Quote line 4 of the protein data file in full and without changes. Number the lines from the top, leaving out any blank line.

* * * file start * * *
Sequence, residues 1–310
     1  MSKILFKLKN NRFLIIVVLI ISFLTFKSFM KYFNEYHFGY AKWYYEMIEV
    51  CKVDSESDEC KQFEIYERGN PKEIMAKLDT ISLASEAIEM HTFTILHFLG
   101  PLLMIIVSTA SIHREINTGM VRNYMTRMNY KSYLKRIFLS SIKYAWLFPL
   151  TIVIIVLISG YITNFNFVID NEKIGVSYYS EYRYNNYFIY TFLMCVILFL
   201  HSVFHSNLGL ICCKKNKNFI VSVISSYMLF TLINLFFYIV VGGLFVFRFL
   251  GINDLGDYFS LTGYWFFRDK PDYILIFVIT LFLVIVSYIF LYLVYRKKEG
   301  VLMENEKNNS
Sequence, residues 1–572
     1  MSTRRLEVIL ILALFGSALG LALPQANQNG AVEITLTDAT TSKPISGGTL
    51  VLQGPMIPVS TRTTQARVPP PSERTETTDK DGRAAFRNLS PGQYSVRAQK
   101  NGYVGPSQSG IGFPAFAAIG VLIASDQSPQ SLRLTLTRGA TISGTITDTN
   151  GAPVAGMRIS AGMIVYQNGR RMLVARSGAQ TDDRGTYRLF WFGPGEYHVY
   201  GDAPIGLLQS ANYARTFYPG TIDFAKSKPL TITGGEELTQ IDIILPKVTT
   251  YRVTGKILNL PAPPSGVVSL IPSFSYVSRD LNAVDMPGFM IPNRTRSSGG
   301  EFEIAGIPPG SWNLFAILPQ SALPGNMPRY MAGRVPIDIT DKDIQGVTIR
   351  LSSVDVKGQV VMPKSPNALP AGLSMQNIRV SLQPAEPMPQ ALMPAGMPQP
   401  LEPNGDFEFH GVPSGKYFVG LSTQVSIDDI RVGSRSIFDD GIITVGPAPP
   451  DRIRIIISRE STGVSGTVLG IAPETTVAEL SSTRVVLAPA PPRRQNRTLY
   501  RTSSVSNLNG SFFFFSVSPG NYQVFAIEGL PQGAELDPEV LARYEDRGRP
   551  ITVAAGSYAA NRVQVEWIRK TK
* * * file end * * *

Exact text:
   101  PLLMIIVSTA SIHREINTGM VRNYMTRMNY KSYLKRIFLS SIKYAWLFPL